Advent, a time in the liturgical year in which Christians prepare for the celebration that commemorates the birth of Jesus Christ, begins on Sunday, November 29. The word Advent comes from the Latin phrase “Adventus Domini,” meaning arrival of the Lord. It begins four Sundays before Christmas and ends on Christmas Eve.
One of the primary traditions of Advent is the lighting of the Advent wreath. Each candle lit represents an aspect of the spiritual preparation for the coming of Jesus. The circle of branches of the wreath symbolize the eternal cycle of the seasons while the evergreens and lighted candles signify the persistence of life in the midst of winter.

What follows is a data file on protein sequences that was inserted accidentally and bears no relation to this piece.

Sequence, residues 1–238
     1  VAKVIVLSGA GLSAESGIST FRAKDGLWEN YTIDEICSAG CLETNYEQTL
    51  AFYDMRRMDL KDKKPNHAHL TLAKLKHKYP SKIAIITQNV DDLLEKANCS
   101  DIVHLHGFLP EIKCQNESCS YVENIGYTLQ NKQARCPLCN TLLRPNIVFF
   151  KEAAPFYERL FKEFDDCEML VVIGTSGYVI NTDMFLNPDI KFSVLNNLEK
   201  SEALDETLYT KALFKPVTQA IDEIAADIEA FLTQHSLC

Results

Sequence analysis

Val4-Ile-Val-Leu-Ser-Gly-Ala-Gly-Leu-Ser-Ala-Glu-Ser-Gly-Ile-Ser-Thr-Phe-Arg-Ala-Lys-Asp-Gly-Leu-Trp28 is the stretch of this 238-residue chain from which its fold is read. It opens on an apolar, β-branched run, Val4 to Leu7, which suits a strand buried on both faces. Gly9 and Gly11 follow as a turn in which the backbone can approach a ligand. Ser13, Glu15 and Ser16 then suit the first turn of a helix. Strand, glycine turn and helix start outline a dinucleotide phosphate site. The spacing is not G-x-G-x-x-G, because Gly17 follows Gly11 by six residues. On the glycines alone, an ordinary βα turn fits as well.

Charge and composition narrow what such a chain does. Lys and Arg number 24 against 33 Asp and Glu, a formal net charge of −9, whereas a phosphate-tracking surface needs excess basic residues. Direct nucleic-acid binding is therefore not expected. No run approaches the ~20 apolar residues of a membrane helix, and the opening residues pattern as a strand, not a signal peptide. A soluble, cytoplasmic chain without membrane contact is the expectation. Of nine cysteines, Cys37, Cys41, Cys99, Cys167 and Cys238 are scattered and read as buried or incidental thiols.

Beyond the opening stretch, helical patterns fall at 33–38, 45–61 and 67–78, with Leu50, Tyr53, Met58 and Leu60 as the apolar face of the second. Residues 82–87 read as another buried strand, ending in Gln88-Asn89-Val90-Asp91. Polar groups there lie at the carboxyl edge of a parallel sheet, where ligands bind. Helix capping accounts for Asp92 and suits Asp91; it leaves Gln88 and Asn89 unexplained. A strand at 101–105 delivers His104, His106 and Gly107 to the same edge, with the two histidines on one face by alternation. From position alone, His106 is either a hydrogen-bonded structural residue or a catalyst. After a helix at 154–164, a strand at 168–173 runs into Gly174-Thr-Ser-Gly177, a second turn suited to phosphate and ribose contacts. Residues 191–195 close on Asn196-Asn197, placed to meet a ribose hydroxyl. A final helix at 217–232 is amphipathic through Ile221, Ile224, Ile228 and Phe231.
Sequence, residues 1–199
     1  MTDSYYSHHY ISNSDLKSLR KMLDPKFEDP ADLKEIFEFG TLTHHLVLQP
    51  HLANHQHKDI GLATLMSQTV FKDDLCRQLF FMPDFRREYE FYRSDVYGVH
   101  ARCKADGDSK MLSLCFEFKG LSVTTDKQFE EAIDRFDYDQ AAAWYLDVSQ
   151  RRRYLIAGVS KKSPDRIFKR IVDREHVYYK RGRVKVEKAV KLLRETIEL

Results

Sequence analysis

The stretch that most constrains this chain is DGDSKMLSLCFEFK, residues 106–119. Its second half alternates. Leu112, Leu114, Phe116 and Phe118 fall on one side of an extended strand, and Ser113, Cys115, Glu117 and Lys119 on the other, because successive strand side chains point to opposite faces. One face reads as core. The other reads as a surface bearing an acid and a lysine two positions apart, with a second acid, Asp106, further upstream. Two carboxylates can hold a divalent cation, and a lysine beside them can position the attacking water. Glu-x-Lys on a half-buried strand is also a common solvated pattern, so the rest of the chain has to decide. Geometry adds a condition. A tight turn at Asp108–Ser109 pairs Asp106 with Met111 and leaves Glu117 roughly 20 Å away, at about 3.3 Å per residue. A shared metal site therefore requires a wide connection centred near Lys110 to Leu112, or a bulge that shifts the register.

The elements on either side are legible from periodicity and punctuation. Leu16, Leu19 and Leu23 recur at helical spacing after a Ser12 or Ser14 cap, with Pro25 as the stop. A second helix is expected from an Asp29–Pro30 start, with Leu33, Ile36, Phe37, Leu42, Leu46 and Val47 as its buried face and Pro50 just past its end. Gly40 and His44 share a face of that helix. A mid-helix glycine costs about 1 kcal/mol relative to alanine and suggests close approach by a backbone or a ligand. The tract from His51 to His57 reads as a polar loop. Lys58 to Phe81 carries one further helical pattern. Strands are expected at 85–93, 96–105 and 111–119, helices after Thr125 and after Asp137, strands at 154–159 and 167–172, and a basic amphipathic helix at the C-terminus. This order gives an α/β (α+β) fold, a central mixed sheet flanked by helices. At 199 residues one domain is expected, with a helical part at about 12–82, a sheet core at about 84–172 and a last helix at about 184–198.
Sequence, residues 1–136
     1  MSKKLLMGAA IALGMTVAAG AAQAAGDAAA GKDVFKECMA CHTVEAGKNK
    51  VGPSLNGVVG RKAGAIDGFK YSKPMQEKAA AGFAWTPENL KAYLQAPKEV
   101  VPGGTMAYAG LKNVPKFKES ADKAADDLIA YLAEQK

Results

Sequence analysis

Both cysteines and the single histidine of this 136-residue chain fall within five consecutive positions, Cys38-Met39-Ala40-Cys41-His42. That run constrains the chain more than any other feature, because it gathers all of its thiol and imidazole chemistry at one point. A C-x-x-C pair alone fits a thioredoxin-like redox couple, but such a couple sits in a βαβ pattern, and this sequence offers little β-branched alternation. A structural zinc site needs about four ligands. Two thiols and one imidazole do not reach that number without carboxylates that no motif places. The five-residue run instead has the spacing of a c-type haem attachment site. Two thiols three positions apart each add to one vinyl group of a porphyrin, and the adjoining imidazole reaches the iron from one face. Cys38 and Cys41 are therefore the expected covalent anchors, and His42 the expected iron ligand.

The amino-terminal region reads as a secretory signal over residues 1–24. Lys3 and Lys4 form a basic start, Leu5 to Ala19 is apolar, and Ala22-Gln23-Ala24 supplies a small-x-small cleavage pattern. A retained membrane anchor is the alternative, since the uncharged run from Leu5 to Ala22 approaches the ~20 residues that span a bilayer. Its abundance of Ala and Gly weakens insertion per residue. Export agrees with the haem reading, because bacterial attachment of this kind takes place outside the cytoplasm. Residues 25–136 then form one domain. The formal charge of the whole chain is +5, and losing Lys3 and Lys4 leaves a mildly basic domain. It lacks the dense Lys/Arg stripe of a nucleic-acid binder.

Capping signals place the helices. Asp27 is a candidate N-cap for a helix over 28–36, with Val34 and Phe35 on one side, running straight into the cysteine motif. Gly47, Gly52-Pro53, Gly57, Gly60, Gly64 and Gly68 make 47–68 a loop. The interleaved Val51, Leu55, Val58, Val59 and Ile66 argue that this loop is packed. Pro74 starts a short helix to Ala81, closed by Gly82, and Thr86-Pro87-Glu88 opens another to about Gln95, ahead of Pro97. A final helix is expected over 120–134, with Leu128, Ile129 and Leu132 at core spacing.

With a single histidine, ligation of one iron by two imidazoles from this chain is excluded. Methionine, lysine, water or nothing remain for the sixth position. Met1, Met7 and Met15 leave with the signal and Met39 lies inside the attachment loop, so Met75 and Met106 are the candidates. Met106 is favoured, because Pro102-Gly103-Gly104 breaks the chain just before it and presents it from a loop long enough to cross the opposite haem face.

The four candles traditionally represent hope, peace, joy and love. Often, the first, second, and fourth candles are purple; the third candle is rose-colored. Occasionally, a fifth white candle is placed in the middle and is lit on Christmas Eve (or Christmas Day) to celebrate Jesus’ birth.
Of the four canonical gospels, only two offer narratives regarding the birth of Jesus: Matthew (Matthew 1:18-25, plus a genealogy of Joseph at Matthew 1:1-17) and Luke (Luke 2:1-7, plus a genealogy of Joseph at Luke 3:21-38). Of these two, only Luke offers the details of Jesus’ birth in Bethlehem.